How Solar Hot Water Works

How Solar Hot Water Works

The Thermosiphon Principle

All solar hot water systems, where the tank is roof-mounted, use the Thermosiphon principle to collect heat from the sun and transfer it to your hot water. The Thermosiphon principle is based on two naturally occurring phenomena:

  • Dark objects absorb heat
  • Hot fluid rises

Solar collector panels are coated with a dark, heat-absorbent surface. This coating absorbs the sun’s rays and heats the fluid in the collector panel. As the fluid heats, it rises to the top of the collector panel and into the tank where it displaces cooler fluid which flows in to the bottom of the collector panel where the process is repeated. This method of water heating requires no electric circulating pump or complex electronic components to heat the stored water. It is a naturally occurring heat transfer process.

The greater the temperature difference between the fluid in the solar collector panels and the water in the tank, the faster the flow between them.

In open circuit systems the fluid in the collector panel is water while in closed circuit systems a special antifreeze fluid is used.

In this way solar water heaters constantly soak up the sun’s energy to maximise your energy savings.

With a thermosiphon solar hot water heating system you can choose from a range of boosters including in-tank electric or gas boosters to ensure you always have hot water on tap even on cloudy days.

Pumped Solar Systems

Pumped solar hot water systems generally have a ground mounted storage tank containing potable water or heat exchange fluid, depending on whether the system is  open (water based) or closed circuit (antifreeze fluid).  The system has either flat plate solar collectors or evacuated tubes on the roof which are connected to the ground mounted tank via insulated copper pipework.   The water or fluid is circulated from the tank at ground level through the solar collectors by an electric pump called a ‘circulator’ absorbing the thermal energy collected by the solar collectors, then transferring the heated water or fluid back to the storage tank.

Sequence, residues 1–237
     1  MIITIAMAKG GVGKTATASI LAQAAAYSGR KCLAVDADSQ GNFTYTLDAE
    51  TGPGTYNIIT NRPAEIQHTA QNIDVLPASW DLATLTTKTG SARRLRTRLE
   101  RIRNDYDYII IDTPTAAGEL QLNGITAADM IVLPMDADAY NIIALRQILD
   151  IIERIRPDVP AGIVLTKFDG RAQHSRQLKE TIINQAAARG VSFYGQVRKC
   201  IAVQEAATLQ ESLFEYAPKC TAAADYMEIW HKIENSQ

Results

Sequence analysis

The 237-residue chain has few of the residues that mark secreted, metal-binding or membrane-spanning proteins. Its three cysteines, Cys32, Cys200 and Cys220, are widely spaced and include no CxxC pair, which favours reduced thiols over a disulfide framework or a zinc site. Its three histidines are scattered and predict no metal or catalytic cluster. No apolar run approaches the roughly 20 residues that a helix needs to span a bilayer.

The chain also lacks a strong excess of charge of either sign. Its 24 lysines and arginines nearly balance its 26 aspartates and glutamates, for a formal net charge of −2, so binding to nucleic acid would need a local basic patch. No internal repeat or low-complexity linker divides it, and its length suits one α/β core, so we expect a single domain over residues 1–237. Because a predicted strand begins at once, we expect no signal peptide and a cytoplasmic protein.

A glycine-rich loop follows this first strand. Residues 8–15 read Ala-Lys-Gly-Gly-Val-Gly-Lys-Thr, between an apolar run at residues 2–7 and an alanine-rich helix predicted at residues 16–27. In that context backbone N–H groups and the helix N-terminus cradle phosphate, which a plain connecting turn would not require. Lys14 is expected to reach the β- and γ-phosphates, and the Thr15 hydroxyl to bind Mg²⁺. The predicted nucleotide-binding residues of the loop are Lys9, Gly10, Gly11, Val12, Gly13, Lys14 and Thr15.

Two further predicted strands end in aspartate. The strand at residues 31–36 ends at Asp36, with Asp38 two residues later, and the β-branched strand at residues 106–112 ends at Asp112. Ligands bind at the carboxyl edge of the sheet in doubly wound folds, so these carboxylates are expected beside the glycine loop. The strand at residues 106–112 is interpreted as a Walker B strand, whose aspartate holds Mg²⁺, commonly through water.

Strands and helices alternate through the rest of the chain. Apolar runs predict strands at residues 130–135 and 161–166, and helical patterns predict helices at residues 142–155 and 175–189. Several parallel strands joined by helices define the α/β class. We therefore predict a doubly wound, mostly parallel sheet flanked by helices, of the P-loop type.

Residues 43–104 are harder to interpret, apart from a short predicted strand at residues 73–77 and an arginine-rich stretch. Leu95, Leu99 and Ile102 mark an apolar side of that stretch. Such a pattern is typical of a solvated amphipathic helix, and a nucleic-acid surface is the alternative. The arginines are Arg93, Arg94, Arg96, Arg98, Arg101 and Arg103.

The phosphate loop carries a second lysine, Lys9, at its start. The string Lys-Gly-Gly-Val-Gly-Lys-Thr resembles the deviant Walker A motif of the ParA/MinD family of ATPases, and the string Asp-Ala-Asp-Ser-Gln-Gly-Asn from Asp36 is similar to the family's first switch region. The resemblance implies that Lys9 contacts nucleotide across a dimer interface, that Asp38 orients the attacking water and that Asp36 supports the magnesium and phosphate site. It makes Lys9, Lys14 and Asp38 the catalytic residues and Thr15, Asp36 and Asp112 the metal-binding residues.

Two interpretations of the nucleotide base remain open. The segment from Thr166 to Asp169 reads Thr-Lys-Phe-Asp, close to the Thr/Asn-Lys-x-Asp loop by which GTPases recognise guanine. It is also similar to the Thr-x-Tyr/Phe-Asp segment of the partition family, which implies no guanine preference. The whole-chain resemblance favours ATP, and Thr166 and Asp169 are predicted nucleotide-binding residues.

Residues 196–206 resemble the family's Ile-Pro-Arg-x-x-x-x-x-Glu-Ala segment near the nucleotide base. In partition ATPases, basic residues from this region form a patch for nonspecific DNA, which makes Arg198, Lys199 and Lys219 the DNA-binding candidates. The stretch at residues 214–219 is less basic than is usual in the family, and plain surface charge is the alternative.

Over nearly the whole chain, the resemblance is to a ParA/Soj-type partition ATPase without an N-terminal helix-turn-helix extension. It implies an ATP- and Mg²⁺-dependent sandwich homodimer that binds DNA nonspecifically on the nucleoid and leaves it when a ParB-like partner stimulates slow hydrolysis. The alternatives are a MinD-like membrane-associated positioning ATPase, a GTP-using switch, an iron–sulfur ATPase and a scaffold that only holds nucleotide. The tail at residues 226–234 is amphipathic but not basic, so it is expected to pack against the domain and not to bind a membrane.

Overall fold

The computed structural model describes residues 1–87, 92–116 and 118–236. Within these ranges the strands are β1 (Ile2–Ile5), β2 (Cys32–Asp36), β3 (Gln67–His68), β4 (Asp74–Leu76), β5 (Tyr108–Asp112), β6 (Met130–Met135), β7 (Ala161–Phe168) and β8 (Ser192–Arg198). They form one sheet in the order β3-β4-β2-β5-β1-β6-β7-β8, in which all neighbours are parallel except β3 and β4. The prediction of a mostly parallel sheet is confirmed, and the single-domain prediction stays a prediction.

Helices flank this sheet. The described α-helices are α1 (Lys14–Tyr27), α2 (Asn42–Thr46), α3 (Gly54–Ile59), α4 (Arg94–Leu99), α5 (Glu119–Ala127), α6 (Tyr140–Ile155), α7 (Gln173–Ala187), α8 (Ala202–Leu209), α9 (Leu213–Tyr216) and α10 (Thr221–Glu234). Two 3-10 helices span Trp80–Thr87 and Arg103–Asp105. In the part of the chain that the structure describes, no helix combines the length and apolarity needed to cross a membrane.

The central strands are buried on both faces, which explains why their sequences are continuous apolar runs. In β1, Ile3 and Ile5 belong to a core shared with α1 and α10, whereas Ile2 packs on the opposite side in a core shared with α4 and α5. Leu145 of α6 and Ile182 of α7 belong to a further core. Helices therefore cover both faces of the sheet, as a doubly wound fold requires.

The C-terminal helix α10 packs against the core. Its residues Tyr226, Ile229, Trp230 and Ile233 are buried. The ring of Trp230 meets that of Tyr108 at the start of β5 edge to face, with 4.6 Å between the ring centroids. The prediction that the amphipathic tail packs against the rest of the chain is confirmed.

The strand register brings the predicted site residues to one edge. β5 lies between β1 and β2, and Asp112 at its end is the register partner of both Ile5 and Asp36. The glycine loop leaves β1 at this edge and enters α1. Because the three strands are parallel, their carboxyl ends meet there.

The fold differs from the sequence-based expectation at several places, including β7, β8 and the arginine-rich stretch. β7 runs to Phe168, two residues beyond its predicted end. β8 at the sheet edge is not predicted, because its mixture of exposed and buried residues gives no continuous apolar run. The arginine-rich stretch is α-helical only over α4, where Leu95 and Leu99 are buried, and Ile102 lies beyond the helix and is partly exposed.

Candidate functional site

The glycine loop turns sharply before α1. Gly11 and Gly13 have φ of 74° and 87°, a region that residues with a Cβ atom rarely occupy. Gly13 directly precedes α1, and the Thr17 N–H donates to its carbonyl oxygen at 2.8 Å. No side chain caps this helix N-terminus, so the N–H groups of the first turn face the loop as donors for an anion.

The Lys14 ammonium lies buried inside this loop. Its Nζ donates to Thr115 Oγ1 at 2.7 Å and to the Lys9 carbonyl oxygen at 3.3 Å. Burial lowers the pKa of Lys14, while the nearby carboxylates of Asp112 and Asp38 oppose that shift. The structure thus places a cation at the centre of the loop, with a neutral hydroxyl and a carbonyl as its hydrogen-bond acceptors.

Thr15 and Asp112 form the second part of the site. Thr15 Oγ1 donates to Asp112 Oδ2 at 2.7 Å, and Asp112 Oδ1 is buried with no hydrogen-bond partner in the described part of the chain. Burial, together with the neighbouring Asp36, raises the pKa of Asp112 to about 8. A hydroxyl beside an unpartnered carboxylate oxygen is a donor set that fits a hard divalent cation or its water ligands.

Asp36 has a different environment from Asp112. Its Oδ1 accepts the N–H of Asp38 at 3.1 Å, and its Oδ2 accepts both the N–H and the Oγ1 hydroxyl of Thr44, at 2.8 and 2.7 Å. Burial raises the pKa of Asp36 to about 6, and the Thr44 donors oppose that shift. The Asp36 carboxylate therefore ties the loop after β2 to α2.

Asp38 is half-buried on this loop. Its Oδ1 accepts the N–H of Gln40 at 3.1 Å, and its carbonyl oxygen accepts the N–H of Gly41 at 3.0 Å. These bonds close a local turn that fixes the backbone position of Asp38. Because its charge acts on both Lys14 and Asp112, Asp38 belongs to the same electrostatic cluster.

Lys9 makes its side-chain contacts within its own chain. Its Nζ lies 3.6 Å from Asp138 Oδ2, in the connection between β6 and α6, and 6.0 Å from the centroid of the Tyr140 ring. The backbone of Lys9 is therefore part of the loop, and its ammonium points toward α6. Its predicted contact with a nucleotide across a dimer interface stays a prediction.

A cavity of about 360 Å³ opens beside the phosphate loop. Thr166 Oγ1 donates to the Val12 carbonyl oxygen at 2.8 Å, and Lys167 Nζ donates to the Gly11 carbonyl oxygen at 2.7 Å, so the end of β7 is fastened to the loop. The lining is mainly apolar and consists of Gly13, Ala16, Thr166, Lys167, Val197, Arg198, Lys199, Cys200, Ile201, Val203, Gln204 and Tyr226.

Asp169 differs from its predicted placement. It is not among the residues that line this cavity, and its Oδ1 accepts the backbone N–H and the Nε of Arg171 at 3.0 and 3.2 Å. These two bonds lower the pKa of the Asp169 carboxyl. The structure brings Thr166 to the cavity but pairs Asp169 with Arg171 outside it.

This continuous cycle repeats itself when a controller on the tank senses an 8°C differential in temperature between the top of the solar collectors and the bottom of the tank, the circulator is activated until the temperature differential falls to 2°C. This ensures the optimum use of the sun’s free energy.

In closed circuit split systems, which are recommended for frost prone and poor water chemistry situations, antifreeze fluid is used to circulate through the collectors. The heat harvested from the collectors is transferred from the fluid to the water in the tank by a heat exchanger.

With a solar hot water split system you can choose from a range of boosters including in-tank electric or in-line gas continuous flow boosting to ensure you always have hot water on tap even on cloudy days.